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The Whipping Boy by Sid Fleischman
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The Whipping Boy (original 1986; edition 1986)

by Sid Fleischman, Peter Sis (Illustrator)

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3,526791,498 (3.65)49
Member:upcenterbooks
Title:The Whipping Boy
Authors:Sid Fleischman
Other authors:Peter Sis (Illustrator)
Info:Scholastic (1986), Edition: 2nd Printing, Paperback, 90 pages
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Tags:Box 19 D

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The Whipping Boy by Sid Fleischman (1986)

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» See also 49 mentions

Showing 1-5 of 79 (next | show all)
In The Whipping Boy, Jemmy is the one who is punished when the Prince misbehaves, since a prince cannot be beaten for misbehaving. When Jemmy and the Prince first meet, they dislike one another, but after they are both kidnapped, they have to work together to get home.

I really liked this one. The language was reminiscent of the era, but easy to read for children. The way the two main characters play off of one another is sometimes pretty funny. The dialogue is enthralling.

This would be a great book for a physical activity, in which children are paired or grouped and have to depend on one another to complete tasks in a competition (ex: being bound back to back or using both of their bodies to move objects. Or, since this book is just long enough, it would be perfect for studies in story elements: plot, climax, problem, solution, setting...
  CallieHennessee | Jul 22, 2015 |
Summary: The Whipping Boy is a story about a prince, Prince Brat, who has a boy that takes all of his whippings and whacks for him, named Jemmy. One night, he decides to run away, and the book follows their adventure as they are chased by criminals, make friends with a girl and her dancing bear, and return to the castle.

Personal Reaction: I enjoyed this book more than I thought I would. It was funny, and had a very nice ending, where everyone was happy. I really think this would be an enjoyable book for kids, I can see why it was the Newbery Medal.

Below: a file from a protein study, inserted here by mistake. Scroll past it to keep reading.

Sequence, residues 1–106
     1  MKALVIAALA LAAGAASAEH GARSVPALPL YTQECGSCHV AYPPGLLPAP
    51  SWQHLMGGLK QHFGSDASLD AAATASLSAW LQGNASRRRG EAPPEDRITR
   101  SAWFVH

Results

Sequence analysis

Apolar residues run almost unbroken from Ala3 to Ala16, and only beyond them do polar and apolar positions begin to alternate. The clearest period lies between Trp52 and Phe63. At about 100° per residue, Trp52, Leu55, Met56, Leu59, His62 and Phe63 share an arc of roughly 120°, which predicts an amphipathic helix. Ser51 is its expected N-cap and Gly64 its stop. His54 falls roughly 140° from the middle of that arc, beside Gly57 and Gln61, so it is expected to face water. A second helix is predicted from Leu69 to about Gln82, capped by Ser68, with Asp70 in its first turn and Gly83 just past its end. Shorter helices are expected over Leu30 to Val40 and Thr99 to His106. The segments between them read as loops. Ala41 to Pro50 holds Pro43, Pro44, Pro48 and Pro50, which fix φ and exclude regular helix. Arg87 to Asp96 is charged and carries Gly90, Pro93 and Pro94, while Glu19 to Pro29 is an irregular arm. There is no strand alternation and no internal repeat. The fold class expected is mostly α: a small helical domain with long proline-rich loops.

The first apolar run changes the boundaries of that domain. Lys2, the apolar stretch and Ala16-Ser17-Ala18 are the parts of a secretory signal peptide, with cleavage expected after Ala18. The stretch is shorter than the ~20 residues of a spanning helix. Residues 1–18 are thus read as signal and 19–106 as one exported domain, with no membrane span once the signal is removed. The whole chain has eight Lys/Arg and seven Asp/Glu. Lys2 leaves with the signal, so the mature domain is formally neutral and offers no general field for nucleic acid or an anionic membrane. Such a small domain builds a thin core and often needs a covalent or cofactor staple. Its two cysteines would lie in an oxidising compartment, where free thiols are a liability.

Classroom Extensions:
1: Have kids write their own story of what they would do if they ran away! Add pictures if they want to help tell the story.
  yelhsajoh | Apr 15, 2015 |
Summary: This story is about a boy, Prince Horace he is often spoiled, a brat, and misbehaves. He is nicknamed "Prince Brat". Horace cannot be whipped or have hand lied on him so they hire an orphan boy to be whipped instead when Horace misbehaves. The two boys escape their hime and go on many adventures and meet a lot of people.

Personal Reaction: This was an interesting book because I've never read anything like it or heard of someone getting hit or whipped in place of a prince. I thought this was definitely the wrong way to punish someone being a prince, or an orphan. I felt really bad for the orphan and I can't believe the parents were okay with this.

Classroom Extension Ideas:
1) Have the students write in chronological order the events that happened in the book,
2) Have the students write out the the characters that appeared in the book. ( )
  lizzydelg | Apr 15, 2015 |
Lindsey Johnson

Book # 5

Genre-
Historic realism

Book Summary: Jemmy has been brought to the streets to serve as the whipping boy for Prince Horace, who is better known as Prince Brat. It is illegal to whip a prince, so a whipping boy is used as an example. Jemmy never hollers when he is whipped, he won’t give the Prince the satisfaction. One night Prince Brat wakes Jemmy and says they are running away because he is bored. Shortly after they leave they are kidnapped by Hold-Your-Nose Billy and Cutwater. After they realize one of them is the Prince they want a ransom. They think Jemmy is the Prince because he can write and Prince Brat can’t, because he refused to learn. They get away and are chased by the men all over town. They make friends with a girl, Betsy, who has a dancing bear, and a man, Captain Nips, who sales boiled potatoes. Prince Brat tells them to turn them in for the prize he king has set up. They do and then Prince Brat promises to behave, in return for not whipping Jemmy, because they have become friends.

Personal Reaction: This is an excellent book. The setting is an old kingdom, and the author paints great pictures of the time with his words when he describes the village.

Extension Activities: